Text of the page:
2. Prior Art

A warhead is a projectile that may contain a conventional explosive(s), germs, nuclear bomb(s), propaganda, equipment, nuclear debris, and/or conventional bombs. A warhead may be empty, so that it is serves as a decoy. The warhead may be shaped like any of the following: sphere, cone, barrel, pyramid, helicoids, box, continuous chain, any combinations of these, etc. Its body can be made of light materials, such as cloth, and/or a solid material, such as aluminum, steel, etc. A warhead's size can range from several centimeters to tens of meters and its weight can range from less than kilogram to thousands of kilograms.

Warheads usually travel at a high altitude, such as the exo-atmospheric range (over 30 km high) where there is little or no air, and/or at a lower atmospheric range. It is extremely important that the warhead reach the target without being destroyed during its travel or knocked off course by a kill vehicle, i.e., an intercepting missile and/or by a laser beam. Both warheads and kill vehicles can be launched from a missile, space shuttle, space ship, satellite, ocean-going ship, sea carrier, submarine, airplane, and/or silo. The kill vehicle is designed to intercept the warhead and destroy it (or knock it off course) by direct kinetic impact or, by a proximity or contact explosion. It is also possible to destroy a warhead with a laser gun, located at one of the above locations, by directing a laser beam at the warhead to destroy it by heat or ablation. A Space-Based Laser gun is called an ABL (Air Born Laser), while a Ground-Based Laser gun is called a GBL. A laser gun has a servomechanism that requires 5 to 10 seconds to align its beam to the target. In that time period the warhead's trajectory is assumed accurately predicted otherwise the laser beam will miss it. Thus the intercepting force with the warhead can be a kill vehicle, a missile, an airplane, an explosive gun, a laser gun, an electron gun, a particles gun, a fire gun, a jet air gun, a radiation gun, and/or a remote control guided explosive.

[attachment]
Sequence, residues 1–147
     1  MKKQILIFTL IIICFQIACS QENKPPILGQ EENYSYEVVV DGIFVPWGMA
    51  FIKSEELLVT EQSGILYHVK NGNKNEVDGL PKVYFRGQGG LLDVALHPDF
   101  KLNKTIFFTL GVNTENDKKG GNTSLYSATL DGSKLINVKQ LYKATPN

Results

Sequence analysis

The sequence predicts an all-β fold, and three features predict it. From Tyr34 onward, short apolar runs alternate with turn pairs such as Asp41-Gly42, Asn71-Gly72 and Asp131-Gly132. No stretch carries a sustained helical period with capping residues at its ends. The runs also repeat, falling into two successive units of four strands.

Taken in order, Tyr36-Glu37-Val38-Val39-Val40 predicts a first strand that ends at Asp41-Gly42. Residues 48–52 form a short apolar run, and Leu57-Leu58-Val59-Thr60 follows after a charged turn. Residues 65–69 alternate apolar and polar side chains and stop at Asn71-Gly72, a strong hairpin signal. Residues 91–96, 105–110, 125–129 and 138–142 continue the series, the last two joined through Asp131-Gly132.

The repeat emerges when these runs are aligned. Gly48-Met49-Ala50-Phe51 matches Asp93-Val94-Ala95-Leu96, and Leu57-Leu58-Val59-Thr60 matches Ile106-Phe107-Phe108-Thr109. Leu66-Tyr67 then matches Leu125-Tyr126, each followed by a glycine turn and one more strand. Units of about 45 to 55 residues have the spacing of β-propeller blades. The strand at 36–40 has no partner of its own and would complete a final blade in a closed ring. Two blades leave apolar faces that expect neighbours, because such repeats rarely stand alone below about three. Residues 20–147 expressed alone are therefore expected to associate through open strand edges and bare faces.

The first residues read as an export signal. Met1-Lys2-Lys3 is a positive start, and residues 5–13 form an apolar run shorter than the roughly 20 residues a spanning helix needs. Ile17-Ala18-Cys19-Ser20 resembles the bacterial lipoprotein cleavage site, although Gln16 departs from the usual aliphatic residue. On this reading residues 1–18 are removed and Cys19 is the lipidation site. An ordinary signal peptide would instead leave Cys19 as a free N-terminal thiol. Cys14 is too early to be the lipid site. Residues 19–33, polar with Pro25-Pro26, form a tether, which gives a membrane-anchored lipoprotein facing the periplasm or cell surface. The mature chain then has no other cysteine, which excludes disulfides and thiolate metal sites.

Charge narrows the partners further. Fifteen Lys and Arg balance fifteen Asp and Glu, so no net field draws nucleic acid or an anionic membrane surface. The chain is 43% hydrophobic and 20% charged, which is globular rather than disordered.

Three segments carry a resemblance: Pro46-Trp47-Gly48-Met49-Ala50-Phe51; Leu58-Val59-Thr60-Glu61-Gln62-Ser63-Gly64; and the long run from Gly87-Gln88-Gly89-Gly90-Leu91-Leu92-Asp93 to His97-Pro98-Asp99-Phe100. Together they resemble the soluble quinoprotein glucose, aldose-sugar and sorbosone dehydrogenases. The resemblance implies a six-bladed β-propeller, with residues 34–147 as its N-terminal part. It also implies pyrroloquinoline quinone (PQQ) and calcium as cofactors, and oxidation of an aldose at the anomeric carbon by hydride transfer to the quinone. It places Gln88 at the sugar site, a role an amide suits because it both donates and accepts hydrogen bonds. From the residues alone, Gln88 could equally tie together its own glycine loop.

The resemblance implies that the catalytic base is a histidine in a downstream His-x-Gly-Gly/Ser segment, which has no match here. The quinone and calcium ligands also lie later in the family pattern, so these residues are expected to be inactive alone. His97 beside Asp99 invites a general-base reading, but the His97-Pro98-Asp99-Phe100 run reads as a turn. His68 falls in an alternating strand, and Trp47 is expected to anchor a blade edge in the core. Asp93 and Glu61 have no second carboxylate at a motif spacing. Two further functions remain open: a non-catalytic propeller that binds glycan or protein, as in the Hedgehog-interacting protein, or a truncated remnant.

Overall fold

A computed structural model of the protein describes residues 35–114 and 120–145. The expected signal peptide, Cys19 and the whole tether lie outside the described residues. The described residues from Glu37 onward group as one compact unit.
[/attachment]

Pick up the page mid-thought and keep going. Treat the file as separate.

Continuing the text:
The kill vehicle has an on-board computer that mathematically extrapolates and predicts the warhead's trajectory and space coordinates during the kill vehicle travel in space. Extrapolation in time is made using prior space coordinate data collected from the warhead during its travel. This prior data is collected by equipment on-board the kill vehicle, such as radar, video, sensors, IR (infra-red) cameras, and laser beams.

A kill vehicle has on-board equipment which after launch views and acquires or obtains the warhead's space coordinates and calculates the trajectories of both projectiles for the purpose of interception. The kill vehicle has on-board thrusters that adjust its trajectory in space. To obtain an interception, the trajectories of both the kill vehicle and the warhead must cross each other or intersect at an interception point. If the kill vehicle has acquired the warhead's space coordinates and trajectory, but these change, the kill vehicle requires a response time to acquire and change direction in response to the warhead's change of coordinates. This response time to change direction is usually 5-10 seconds and is called a “time-to-go period” (TTG). The kill vehicle's TTG is in part due to its inertia. During the TTG period the kill vehicle's trajectory in space is fixed and cannot be changed. This gives the warhead an advantage, i.e., five-seconds to change its trajectory away from the predicted interception point by at least half of its body dimension, causing the kill vehicle and/or the laser beam to miss it.